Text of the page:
I love reading short stories. There’s something quite gratifying about a sharp, tight tale with a satisfying or clever ending. Although not as widely read as novels, short stories are a lot more prominent than some people may think. Breakfast at Tiffany’s is a film adaptation of Truman Capote’s novella (1958). And Alfred Hitchcock’s 1963 classic The Birds was inspired by Daphne Du Maurier’s short story of the same name taken from her anthology The Apple Tree (1952). Oscar Wilde, one of my favourite authors of all time, mainly wrote plays and short stories.
Producing fine, short literature requires great skill and tenacity. Unlike a novel, you only have a few hundred or a few thousand words to create a strong, believable plot with convincing characters and a fulfilling conclusion. Your aim is to engage readers within the first sentence, keep them connected, and not let them down in the last paragraph with a poor or predictable finish. Most of the stories I write have a twist or surprise ending simply because that’s what I like to read, but not all short stories need to take this form. Stories can be humorous, moving, romantic, inspirational or chilling. But, primarily, they must be entertaining.
Personally, the most challenging aspect of short story writing is coming up with new ideas. Magazine editors are always on the lookout for fresh material, and the last thing you want is for your reader to find your story predictable or worn. So when ideas arise I jot them down and work on them later. Ideas are everywhere. A comment someone makes, a newspaper article, a conversation, something I see on T.V. or read on the internet.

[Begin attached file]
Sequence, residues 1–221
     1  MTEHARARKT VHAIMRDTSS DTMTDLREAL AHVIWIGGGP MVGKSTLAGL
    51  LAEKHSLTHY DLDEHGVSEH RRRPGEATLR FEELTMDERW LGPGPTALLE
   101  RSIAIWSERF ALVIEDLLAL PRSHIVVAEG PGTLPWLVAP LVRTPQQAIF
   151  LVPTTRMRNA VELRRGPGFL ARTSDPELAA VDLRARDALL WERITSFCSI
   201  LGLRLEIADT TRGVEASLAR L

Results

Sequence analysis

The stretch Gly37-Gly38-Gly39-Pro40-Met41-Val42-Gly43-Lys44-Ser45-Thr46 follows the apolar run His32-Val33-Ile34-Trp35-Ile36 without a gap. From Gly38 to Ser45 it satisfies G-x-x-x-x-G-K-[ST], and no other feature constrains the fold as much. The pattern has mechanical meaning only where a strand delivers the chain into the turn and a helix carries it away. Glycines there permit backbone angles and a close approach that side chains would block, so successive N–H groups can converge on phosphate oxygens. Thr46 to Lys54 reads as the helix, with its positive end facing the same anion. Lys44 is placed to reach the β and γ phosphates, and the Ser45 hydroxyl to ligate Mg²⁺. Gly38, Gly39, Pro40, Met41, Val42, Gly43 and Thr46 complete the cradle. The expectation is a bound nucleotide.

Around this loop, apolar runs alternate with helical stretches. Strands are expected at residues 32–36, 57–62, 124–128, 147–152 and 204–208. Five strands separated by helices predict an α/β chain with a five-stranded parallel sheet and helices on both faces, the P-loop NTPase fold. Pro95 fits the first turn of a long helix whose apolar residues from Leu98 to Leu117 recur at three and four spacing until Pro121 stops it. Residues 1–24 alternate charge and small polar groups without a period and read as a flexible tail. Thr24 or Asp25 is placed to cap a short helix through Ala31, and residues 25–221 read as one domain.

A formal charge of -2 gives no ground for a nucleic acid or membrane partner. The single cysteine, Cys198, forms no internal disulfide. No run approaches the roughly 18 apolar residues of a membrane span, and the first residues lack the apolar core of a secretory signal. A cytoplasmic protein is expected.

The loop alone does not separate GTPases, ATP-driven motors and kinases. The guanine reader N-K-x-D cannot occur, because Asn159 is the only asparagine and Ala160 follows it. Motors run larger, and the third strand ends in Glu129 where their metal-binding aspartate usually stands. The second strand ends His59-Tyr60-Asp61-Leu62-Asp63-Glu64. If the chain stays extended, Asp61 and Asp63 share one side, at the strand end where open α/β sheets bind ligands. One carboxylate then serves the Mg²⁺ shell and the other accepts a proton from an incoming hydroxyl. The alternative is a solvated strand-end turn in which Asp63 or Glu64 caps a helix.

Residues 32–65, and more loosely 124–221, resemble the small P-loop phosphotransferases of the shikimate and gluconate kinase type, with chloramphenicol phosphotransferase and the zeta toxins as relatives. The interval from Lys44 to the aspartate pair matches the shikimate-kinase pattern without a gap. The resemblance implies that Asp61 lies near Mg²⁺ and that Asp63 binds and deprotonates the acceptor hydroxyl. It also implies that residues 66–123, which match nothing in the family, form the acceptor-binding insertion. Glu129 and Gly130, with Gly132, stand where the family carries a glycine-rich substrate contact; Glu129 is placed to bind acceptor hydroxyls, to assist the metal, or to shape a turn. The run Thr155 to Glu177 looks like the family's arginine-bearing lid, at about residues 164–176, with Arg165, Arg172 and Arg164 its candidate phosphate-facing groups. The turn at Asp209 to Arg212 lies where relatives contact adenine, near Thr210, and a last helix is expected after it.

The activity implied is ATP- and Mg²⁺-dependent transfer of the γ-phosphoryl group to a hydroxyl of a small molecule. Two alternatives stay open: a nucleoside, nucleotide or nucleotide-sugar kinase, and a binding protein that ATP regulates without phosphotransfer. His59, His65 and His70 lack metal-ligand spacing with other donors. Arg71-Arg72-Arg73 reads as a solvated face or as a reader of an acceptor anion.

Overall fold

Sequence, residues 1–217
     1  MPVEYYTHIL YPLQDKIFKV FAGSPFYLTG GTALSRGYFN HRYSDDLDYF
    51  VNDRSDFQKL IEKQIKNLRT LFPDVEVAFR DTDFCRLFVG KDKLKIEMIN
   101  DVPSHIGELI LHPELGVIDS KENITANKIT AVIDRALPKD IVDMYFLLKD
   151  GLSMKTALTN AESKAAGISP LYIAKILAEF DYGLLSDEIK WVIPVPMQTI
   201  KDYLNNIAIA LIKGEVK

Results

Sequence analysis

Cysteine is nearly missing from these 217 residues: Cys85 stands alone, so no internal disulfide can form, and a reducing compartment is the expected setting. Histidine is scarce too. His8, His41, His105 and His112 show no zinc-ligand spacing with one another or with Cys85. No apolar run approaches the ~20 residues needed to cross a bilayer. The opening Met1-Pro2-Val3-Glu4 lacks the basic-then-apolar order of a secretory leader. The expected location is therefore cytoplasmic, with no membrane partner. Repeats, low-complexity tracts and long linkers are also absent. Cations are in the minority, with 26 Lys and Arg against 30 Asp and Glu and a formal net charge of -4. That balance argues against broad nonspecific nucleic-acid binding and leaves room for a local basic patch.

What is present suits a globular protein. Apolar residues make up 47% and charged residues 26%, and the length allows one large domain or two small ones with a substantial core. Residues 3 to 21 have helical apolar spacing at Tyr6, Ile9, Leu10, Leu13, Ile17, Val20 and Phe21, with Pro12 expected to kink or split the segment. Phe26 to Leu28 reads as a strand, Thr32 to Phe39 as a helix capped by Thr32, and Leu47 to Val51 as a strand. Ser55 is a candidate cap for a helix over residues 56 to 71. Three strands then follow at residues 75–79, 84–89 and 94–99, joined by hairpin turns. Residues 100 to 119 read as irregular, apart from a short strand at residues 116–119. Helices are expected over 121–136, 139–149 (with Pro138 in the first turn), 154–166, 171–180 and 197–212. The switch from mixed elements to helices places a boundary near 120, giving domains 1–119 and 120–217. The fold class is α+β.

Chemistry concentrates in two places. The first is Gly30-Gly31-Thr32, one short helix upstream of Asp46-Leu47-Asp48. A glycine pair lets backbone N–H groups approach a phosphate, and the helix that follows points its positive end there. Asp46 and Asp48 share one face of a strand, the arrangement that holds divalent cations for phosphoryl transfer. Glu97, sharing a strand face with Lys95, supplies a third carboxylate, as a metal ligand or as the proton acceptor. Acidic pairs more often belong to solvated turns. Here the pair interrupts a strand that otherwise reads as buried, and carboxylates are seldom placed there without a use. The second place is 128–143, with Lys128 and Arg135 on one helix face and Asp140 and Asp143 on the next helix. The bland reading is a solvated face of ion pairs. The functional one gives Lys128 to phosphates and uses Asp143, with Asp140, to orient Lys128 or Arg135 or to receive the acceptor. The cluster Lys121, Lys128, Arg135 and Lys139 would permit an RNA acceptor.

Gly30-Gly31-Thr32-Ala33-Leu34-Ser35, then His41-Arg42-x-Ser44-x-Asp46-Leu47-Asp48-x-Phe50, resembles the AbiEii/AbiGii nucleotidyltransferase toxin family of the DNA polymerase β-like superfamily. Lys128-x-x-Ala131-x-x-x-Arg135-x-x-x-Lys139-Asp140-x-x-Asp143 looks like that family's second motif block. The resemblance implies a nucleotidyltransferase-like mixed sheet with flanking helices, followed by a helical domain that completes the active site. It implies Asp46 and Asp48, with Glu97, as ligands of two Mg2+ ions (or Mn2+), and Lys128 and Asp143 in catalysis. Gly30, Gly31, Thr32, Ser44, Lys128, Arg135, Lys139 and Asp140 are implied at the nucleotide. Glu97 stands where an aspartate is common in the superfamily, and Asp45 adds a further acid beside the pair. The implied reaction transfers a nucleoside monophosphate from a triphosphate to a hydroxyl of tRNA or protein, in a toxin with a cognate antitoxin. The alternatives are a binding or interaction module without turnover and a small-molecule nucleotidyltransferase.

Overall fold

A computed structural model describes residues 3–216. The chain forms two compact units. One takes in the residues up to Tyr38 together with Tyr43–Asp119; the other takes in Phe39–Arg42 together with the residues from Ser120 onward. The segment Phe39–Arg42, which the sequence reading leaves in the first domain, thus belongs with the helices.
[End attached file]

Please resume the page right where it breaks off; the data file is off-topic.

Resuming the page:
Many authors start their careers as short story writers before embarking on novels. I think this is because a short story is less daunting and doesn’t take as long to write, so results can be quick, and it’s a good way to break into the industry. If you’d like to write short stories I’d recommend you join a writer’s group, there are many online. A group will offer advice, critiques and encouragement. Another idea would be to take a short story course to learn the ropes. A qualified teacher will show you how to construct a story and how to approach magazine editors as well as offer you sound critique of your work. But a good book is also invaluable. I’d recommend The Creative Student’s Handbook by Margaret James and Cathie Hartigan.
The joy of the short story is that it can be read and absorbed quickly. These ten minute morsels can be a perfect friend for busy people who are pressed for time, or for people like me, who simply enjoy a tale or two.
Kelly has been published in magazines in the UK, Australia, Norway and Sweden. Her anthology, To Tell A Tale Or Two was published earlier this year. For more information about Kelly, as well as information about where to buy her anthology, visit her website: http://www.kellyflorentia.co.uk
Novel Kicks is a blog for story tellers and book lovers.